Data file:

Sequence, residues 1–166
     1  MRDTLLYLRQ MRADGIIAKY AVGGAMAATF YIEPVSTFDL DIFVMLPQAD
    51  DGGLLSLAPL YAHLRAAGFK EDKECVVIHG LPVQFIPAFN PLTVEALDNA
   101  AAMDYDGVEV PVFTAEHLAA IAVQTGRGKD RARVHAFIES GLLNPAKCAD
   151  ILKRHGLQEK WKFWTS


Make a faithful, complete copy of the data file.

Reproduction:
Sequence, residues 1–166
     1  MRDTLLYLRQ MRADGIIAKY AVGGAMAATF YIEPVSTFDL DIFVMLPQAD
    51  DGGLLSLAPL YAHLRAAGFK EDKECVVIHG LPVQFIPAFN PLTVEALDNA
   101  AAMDYDGVEV PVFTAEHLAA IAVQTGRGKD RARVHAFIES GLLNPAKCAD
   151  ILKRHGLQEK WKFWTS